R Praggnanandhaa's achievement is no mean thing. All of 12 years, the young lad has become the second youngest chess Grandmaster ever.
To become a sporting sensation in India is an achievement, but to attain the status at an age of 12 years speaks volumes about his talent, skills and prowess. R Praggnanandhaa’s achievement is no mean thing. All of 12 years, the young lad has become the second youngest chess Grandmaster ever. Accolades have galored for Praggnanandhaa, who has touted to be the next big thing in Indian chess after the legendary Viswanathan Anand.
The little genius, who hails from Chennai, has become the country’s youngest and the world’s second youngest Grandmaster at the age of 12 years, 10 months and 13 days. Praggnanandhaa achieved the remarkable feat after reaching the final round of the ongoing Grenadine Open in Italy. However, he missed out on becoming the youngest ever by three months to Sergey Karjakin of Ukraine who holds the record of being the youngest Grandmaster in the world at 12 years, 7 months. Karjakin had achieved the feat in 2002.
Incidentally, the fourth spot in the youngest Grandmasters is also held by an Indian – Parimarjan Negi at 13 years, 4 months and 22 days.
Chennai-based Praggnanandhaa was paired with Grand Master Prujjsers Roland in the final round, which ensured him the feat. After beating GM Moroni Lica Jr in the eighth round, he needed to play an opponent above the rating of 2482 in the next round to make his third GM norm.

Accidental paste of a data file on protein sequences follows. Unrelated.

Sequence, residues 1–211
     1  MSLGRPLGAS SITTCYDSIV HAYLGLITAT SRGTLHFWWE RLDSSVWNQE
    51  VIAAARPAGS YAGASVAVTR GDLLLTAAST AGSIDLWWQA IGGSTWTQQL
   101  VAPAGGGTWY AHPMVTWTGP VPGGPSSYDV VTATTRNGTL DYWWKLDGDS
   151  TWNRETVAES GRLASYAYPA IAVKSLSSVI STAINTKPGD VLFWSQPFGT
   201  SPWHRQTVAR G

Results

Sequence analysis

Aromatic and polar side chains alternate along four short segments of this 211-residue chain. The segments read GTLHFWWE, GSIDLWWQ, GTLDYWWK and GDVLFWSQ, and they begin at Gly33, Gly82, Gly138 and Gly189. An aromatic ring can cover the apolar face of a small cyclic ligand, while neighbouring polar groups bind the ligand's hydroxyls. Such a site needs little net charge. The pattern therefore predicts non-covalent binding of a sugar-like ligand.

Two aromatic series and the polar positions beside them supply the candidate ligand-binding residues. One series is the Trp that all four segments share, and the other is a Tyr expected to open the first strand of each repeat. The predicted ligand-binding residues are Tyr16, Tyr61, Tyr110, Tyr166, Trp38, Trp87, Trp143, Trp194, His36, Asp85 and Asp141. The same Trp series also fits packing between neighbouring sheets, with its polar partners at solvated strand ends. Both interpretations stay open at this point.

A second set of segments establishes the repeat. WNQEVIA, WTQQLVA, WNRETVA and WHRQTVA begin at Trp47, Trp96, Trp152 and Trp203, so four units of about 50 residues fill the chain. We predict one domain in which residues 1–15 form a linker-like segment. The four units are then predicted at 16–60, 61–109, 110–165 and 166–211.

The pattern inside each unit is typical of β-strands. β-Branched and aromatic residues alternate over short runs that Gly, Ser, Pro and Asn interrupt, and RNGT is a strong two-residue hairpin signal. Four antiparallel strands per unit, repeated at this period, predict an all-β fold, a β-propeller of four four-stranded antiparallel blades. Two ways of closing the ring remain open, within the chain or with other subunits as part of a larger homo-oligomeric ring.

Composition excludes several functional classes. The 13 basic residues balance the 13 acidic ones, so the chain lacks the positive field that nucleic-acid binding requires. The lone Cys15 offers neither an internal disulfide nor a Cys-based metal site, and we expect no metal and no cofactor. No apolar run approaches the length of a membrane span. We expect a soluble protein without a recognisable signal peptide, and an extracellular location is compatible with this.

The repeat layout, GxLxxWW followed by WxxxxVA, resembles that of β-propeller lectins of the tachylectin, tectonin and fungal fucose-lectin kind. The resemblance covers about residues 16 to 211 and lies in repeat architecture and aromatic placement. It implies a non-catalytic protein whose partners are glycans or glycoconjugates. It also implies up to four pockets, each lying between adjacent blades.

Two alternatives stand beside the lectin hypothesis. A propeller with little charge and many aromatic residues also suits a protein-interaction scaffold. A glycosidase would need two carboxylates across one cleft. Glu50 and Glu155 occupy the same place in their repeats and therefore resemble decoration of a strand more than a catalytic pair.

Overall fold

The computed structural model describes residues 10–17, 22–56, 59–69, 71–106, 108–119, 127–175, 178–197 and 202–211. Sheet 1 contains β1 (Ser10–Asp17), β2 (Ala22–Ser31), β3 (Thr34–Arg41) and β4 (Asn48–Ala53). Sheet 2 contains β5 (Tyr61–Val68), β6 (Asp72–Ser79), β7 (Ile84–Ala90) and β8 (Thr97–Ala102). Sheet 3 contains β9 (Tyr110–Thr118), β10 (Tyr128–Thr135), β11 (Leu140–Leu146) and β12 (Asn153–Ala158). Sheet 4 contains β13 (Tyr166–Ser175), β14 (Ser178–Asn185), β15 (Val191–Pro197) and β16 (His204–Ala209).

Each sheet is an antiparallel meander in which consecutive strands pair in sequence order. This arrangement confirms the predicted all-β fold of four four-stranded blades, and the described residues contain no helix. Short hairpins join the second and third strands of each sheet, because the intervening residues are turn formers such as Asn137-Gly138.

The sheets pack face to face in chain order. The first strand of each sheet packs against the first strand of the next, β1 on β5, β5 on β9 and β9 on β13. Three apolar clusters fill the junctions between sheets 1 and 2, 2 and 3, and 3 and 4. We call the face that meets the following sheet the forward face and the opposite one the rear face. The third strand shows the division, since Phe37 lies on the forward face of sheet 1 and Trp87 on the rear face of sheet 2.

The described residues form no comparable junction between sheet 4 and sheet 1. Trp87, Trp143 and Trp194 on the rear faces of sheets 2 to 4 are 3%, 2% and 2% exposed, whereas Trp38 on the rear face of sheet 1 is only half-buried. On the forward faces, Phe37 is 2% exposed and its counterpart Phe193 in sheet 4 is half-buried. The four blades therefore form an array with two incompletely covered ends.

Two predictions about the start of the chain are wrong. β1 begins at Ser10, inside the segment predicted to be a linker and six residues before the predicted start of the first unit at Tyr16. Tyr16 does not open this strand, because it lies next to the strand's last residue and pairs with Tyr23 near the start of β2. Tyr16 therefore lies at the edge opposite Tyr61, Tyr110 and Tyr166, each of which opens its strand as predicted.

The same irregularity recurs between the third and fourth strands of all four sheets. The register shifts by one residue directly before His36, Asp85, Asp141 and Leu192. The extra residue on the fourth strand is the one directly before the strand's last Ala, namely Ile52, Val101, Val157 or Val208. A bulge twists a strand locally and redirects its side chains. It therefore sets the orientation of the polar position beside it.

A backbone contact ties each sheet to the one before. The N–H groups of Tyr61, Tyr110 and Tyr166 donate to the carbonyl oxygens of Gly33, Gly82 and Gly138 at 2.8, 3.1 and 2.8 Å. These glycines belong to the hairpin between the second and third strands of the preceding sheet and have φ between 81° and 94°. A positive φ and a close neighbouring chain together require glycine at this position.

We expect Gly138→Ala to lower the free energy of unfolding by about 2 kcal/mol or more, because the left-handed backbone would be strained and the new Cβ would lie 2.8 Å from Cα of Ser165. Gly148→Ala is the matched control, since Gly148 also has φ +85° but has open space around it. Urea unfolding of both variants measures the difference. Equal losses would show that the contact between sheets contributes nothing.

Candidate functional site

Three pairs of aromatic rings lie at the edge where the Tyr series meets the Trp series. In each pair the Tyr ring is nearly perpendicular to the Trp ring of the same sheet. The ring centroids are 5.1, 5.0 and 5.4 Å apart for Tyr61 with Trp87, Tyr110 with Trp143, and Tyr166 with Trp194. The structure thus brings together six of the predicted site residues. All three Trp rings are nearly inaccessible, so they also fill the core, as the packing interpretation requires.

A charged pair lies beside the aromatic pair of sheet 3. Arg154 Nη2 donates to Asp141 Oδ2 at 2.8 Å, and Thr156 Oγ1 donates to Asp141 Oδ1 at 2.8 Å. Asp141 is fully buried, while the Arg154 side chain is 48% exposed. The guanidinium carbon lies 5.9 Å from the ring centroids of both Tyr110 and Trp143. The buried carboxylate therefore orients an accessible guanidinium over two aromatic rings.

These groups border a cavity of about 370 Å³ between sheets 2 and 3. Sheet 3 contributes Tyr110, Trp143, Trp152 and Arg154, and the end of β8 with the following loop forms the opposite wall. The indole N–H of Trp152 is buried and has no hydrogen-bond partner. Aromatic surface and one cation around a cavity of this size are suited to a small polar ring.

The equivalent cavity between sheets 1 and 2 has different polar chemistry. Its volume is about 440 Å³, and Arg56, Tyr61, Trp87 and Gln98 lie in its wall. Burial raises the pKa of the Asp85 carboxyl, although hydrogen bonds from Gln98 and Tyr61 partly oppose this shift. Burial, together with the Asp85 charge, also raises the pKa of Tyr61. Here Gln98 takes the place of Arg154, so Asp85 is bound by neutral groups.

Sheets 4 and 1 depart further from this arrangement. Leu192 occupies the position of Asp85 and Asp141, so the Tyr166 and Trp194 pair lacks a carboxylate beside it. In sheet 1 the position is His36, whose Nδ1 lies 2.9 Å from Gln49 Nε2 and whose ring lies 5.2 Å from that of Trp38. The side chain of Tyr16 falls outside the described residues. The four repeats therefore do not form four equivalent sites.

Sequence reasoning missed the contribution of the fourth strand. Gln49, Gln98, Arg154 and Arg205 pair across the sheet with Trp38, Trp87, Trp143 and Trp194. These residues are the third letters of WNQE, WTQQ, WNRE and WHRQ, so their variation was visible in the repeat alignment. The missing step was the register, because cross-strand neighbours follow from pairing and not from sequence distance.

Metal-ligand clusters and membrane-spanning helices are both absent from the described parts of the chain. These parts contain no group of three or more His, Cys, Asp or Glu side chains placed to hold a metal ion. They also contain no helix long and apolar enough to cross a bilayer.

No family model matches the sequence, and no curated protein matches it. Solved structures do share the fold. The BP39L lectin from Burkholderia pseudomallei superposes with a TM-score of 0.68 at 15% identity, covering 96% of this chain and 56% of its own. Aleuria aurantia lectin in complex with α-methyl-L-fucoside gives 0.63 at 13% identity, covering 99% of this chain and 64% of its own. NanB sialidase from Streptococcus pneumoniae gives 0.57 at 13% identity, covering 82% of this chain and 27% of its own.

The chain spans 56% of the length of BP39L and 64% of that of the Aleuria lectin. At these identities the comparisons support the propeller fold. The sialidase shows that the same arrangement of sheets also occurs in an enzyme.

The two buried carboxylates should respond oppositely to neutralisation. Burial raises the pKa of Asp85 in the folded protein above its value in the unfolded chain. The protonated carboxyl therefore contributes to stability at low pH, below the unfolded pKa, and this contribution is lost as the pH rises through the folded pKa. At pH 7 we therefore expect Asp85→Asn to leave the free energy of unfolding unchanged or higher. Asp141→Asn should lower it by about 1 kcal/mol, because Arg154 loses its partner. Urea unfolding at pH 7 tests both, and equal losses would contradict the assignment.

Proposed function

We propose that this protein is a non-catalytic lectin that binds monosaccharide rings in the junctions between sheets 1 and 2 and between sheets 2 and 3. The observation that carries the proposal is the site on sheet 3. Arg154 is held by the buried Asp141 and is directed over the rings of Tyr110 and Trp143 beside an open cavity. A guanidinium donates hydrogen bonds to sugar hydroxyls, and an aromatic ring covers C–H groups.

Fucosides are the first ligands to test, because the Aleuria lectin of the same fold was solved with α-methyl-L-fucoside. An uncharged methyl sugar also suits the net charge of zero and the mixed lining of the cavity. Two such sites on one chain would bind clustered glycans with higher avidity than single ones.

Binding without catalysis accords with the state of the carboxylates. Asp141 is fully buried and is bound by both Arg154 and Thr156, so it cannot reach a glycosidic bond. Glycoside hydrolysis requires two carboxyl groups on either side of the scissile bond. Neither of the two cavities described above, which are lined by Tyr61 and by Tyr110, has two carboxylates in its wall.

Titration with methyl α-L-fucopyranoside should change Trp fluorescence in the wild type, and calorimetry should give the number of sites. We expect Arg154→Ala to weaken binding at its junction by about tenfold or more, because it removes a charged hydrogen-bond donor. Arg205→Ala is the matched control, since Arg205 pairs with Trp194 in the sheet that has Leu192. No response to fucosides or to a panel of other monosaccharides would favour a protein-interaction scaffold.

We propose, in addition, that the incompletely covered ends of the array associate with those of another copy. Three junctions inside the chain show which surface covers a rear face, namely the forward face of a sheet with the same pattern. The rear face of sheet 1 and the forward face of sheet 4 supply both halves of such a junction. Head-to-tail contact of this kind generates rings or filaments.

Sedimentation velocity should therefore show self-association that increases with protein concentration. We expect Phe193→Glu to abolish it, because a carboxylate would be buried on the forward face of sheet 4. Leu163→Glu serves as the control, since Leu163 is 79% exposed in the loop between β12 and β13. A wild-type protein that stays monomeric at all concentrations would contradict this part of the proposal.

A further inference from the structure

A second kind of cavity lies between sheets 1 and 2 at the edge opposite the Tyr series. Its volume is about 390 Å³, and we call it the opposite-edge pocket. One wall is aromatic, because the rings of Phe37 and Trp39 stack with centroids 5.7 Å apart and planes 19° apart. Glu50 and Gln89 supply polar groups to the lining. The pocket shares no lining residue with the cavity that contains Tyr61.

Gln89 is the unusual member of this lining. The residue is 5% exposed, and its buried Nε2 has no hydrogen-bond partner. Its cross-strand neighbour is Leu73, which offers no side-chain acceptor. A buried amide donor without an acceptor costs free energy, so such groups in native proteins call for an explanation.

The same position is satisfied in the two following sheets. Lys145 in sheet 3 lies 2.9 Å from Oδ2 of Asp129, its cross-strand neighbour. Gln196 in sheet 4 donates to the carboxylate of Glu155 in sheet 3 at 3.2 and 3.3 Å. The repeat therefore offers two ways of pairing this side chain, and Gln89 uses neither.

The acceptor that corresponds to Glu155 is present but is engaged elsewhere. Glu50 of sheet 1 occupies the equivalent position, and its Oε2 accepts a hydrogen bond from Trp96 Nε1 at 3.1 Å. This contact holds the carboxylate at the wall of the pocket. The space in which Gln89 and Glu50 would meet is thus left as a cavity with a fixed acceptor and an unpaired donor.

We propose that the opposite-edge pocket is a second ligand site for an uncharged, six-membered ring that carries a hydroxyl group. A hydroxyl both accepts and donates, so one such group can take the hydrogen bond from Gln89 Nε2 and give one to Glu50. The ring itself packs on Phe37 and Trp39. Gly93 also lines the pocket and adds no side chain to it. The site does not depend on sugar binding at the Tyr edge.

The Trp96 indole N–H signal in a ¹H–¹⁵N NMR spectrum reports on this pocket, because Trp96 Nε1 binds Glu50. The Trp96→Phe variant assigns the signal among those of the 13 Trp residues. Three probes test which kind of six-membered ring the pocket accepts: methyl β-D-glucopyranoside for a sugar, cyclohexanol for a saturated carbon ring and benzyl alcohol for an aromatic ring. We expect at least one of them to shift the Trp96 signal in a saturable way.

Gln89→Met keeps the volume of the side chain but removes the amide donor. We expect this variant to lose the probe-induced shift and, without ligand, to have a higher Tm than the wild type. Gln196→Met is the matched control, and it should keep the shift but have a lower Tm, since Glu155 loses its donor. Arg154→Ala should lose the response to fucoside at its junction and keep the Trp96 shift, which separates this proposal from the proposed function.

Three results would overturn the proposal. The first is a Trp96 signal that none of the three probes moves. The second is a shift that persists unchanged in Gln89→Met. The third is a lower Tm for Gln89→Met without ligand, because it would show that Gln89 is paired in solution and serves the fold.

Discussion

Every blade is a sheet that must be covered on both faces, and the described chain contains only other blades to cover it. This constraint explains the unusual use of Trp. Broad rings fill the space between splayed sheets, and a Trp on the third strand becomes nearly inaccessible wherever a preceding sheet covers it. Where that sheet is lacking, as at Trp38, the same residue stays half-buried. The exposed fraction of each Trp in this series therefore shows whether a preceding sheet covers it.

As remarkable as it was, such feats are not unusual to this boy wonder. In 2016, Praggnanandhaa became the youngest International Master at the age of 10 years, 10 months and 19 days. Praggnanandhaa had the chance to break Karjakin’s record last year and did come close to making the GM norms but missed out narrowly in the end.
However, Praggnanandhaa’s path hasn’t been rosy as he faced tough times in the circuit this year after experiencing disappointing results at the World Junior Championship (finished fourth), Charlotte Chess, Gibraltar Chess Festival (finished 63rd) and then a race against the clock at the Bobby Fischer Memorial.
Praggnanandhaa’s feat looks like a tremendous one when consider that Anand became GM at 18. One of the greatest of all time, Bobby Fischer achieved the feat at 15 and Norwegian genius Magnus Carlsen at 13.